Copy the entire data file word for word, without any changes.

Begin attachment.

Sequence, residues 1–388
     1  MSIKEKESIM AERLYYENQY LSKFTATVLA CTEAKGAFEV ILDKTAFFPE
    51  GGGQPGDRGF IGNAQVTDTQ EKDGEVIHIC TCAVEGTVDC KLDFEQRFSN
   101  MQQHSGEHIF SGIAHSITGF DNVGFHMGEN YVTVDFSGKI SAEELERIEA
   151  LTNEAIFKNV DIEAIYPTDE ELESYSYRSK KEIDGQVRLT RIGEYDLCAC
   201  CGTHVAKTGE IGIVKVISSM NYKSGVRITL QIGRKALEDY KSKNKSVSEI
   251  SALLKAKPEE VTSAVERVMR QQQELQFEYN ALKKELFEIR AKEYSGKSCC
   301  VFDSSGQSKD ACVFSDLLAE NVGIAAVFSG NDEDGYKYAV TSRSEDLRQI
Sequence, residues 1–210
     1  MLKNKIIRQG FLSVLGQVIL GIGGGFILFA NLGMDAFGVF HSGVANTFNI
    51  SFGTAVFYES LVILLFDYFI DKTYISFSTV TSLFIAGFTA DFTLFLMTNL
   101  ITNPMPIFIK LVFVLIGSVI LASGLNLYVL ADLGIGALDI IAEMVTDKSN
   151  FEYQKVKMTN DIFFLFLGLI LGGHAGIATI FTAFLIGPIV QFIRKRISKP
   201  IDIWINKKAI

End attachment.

Sequence, residues 1–388
     1  MSIKEKESIM AERLYYENQY LSKFTATVLA CTEAKGAFEV ILDKTAFFPE
    51  GGGQPGDRGF IGNAQVTDTQ EKDGEVIHIC TCAVEGTVDC KLDFEQRFSN
   101  MQQHSGEHIF SGIAHSITGF DNVGFHMGEN YVTVDFSGKI SAEELERIEA
   151  LTNEAIFKNV DIEAIYPTDE ELESYSYRSK KEIDGQVRLT RIGEYDLCAC
   201  CGTHVAKTGE IGIVKVISSM NYKSGVRITL QIGRKALEDY KSKNKSVSEI
   251  SALLKAKPEE VTSAVERVMR QQQELQFEYN ALKKELFEIR AKEYSGKSCC
   301  VFDSSGQSKD ACVFSDLLAE NVGIAAVFSG NDEDGYKYAV TSRSEDLRQI
Sequence, residues 1–210
     1  MLKNKIIRQG FLSVLGQVIL GIGGGFILFA NLGMDAFGVF HSGVANTFNI
    51  SFGTAVFYES LVILLFDYFI DKTYISFSTV TSLFIAGFTA DFTLFLMTNL
   101  ITNPMPIFIK LVFVLIGSVI LASGLNLYVL ADLGIGALDI IAEMVTDKSN
   151  FEYQKVKMTN DIFFLFLGLI LGGHAGIATI FTAFLIGPIV QFIRKRISKP
   201  IDIWINKKAI